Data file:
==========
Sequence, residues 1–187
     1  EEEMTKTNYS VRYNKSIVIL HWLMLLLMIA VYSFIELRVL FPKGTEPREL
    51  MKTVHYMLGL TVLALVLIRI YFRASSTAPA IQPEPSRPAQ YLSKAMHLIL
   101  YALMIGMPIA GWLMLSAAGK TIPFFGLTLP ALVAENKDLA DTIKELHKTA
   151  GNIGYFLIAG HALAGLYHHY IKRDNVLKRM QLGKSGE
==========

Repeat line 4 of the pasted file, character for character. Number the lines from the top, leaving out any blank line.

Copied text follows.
   101  YALMIGMPIA GWLMLSAAGK TIPFFGLTLP ALVAENKDLA DTIKELHKTA